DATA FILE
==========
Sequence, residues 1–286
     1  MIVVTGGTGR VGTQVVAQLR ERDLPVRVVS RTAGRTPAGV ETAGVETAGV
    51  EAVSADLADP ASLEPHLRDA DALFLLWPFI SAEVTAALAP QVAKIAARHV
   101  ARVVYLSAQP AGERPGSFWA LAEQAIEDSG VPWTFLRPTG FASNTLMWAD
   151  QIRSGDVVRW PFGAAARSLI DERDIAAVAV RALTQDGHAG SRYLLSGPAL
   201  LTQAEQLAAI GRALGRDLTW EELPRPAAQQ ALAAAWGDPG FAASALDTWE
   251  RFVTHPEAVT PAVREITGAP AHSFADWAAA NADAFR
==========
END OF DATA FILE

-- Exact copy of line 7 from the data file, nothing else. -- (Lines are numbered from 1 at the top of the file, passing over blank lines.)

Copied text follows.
   251  RFVTHPEAVT PAVREITGAP AHSFADWAAA NADAFR